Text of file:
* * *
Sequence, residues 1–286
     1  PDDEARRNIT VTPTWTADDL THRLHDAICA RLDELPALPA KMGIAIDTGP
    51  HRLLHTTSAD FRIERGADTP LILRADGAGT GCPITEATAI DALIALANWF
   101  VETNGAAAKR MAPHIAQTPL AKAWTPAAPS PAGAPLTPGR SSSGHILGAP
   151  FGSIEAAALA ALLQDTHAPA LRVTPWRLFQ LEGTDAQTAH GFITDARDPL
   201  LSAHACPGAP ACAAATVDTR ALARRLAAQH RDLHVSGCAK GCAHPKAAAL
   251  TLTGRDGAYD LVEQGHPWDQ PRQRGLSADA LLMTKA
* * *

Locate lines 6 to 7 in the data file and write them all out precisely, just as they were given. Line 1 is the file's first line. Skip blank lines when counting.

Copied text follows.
   201  LSAHACPGAP ACAAATVDTR ALARRLAAQH RDLHVSGCAK GCAHPKAAAL
   251  TLTGRDGAYD LVEQGHPWDQ PRQRGLSADA LLMTKA